Although there’s no way of knowing which combination of players Ime Udoka will deploy to start the Boston Celtics 2020-21 season, we can speculate who will join the C’s cornerstones in the starting lineup versus who will come off the bench.
Marcus Smart, Jayson Tatum, and Jaylen Brown can all be assumed parts of the Cs starting lineup, but that leaves two holes at center and shooting guard.
This offseason Brad Stevens stacked the Celtics backcourt, bringing Josh Richardson, Dennis Schroder, and Garrison Matthews while holding onto Payton Pritchard, Aaron Nesmith, and Romeo Langford, who were all already slated in Boston’s rotation. Having a surplus of guards can be either a gift or a curse, but considering what Udoka has revealed about his philosophy, I think it’s a good thing.
Not only will the Boston Celtics have multiple options to rotate throughout games, but each guard will have a reason to be inspired to play well. With two guys ready to step up, whoever starts will be far from content with mediocrity.
The starting lineup aside, let’s assume Richardson and Schroder, two of the Boston Celtics marquee additions, come off the bench. What is to be expected from those two? Although Schroder and Richardson sit higher amongst the Celtics hierarchy than the sixth and seventh man, their skill sets are better suited in different lineups, especially with Smart at the head of the starting five.
Firstly, the offensive side of the ball. Schroder and J-Rich are coming off poor perimeter shooting seasons, tallying an average 3-point conversion rate of 33% on moderate volume. However, both found success scoring in the midrange, so they are not total liabilities as jump-shooters. Ideally, Udoka will adjust their shot diet to complement their scoring skill sets.
For Schroder, getting him downhill will be necessary. He’s a much better 3-point shooter than Richardson but has clear strengths inside the arc. Outside of catch and shoots and one or two dribble pull-ups, it would be in the Celtics’ best interest to deploy Schroder as an advantage scorer and ancillary shot creator. He’s excellent in both regards, but he can be elite with Tatum and Brown pulling defensive attention away from him.
For Richardson, his jump shot diet needs to be minimized. He’s a below-average 3-point shooter, but his height and length give him a leg up in the midrange. Instead of spotting him up like the Mavericks and the 76ers did, I’d like to see Richardson finish some 16-foot actions and experiment with short dibble pull-ups against dropped defenses.
However, it’s equally essential that Richardson gets to the rim as much as he clips from midrange. He drove just six times a game with the Mavericks, and with his physical tools, the Celtics should aim for a dozen or so drives per game.
Moving on from scoring but staying in the offensive realm, I don’t expect much out of Richardson and Schroder as passers. They’ll have an ample amount of ball-handling reps, but they won’t be responsible for creating offense, and instead, they’ll be asked to connect it.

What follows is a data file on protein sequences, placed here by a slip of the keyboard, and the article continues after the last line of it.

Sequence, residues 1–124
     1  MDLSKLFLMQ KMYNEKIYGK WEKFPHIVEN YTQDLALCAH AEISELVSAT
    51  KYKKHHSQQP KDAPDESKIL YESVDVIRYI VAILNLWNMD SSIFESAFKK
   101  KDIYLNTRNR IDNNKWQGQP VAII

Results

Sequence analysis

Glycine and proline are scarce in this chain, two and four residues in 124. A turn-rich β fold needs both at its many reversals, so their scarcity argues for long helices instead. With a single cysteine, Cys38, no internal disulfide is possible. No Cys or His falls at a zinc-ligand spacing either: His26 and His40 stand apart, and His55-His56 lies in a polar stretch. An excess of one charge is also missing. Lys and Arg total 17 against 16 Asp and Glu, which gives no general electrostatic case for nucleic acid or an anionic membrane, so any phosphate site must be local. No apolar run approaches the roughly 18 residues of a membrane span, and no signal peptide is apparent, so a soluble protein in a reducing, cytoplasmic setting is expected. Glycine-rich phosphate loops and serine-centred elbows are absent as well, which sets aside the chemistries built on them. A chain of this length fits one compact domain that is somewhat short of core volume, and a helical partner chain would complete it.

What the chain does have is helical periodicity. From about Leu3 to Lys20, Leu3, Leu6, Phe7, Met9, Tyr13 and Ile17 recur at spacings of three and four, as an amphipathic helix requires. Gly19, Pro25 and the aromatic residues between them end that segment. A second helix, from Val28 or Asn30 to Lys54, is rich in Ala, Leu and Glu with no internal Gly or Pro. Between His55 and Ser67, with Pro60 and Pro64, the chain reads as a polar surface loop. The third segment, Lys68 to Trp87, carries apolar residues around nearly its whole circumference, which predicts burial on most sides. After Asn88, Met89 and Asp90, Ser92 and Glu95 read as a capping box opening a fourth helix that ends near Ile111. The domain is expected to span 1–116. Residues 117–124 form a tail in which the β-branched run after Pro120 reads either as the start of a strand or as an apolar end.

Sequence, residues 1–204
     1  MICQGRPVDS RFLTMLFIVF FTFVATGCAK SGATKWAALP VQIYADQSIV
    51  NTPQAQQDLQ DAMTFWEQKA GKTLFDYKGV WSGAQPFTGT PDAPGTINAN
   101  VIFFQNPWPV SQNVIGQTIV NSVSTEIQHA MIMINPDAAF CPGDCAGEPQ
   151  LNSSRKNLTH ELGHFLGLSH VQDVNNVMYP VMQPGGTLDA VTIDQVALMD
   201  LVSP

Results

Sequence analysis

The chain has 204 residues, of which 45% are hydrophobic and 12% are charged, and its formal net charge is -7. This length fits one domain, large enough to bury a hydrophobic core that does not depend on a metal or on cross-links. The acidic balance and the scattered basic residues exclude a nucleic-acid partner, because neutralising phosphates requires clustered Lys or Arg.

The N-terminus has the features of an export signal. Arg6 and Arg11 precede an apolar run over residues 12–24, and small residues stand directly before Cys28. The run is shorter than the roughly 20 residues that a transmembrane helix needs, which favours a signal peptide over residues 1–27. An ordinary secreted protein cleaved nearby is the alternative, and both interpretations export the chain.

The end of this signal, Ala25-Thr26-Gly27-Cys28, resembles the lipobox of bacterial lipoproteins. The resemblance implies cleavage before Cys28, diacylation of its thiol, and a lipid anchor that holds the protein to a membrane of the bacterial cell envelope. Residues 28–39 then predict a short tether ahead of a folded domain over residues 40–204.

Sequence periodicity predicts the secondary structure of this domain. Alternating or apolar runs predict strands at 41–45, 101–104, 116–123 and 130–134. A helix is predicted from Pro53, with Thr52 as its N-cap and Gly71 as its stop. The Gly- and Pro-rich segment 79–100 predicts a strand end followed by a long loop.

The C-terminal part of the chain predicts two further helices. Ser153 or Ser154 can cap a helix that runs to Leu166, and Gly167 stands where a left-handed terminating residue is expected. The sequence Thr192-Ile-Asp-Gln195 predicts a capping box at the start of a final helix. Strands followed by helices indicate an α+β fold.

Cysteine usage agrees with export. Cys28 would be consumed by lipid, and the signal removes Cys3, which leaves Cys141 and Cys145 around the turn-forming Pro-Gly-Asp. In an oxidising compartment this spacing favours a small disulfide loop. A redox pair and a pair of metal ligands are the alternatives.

With Robert Williams and Al Horford, most of these ball-handling reps will come in pick and roll, with designed movements around the perimeter to give the two multiple outlets. J-Rich and Schroder are good passers for their position, both possessing good touch, vision, and processing speed.
The Boston Celtics can take advantage of these tools by putting them in the proper scoring positions to become playmakers. These guys can bend and exposes defenses if defenses are willing to bend for them.
It’s up to Udoka and his coaching staff to figure out how to make that happen.
On the flip side of the ball, I expect great things from Schroder and Richardson. Both have daunting wingspans, quick feet, and play rough-nosed defense. They have good instincts, good motors, and best of all, they complement the other defenders on the Celtics roster.
Schroder and Smart is the best point of attack backcourt in the NBA. Shuffling between the two will give the opposition no rest as they hack at the ball and rack up push-offs from frustrated ball-handlers. Their point of attack defense also gives Horford and Williams a leg up, and their increased resistance gives them more time to rotate to the rim and help if they have to at all.
Richardson will likely play a helper role on the defensive. His point of attack defense has never been his strong suit, but his rim protection and overall use of his hands have shown through for most of his career. J-Rich can play in passing lanes and stuff out unsuspecting scorers at the rim. Not only will Richardson contribute to stops on the defensive end, but he’ll also kick start tons of transition scoring opportunities. In this area, everyone on the Boston Celtics roster thrives.
Truthfully, I don’t think we’ll see much of Schroder and Richardson on the court simultaneously, but I am sure both will be heavily involved in the Boston Celtics rotation. I wouldn’t be surprised if Richardson has a big bounce-back year and Schroder repeats his 2019-20 Sixth Man of the Year run.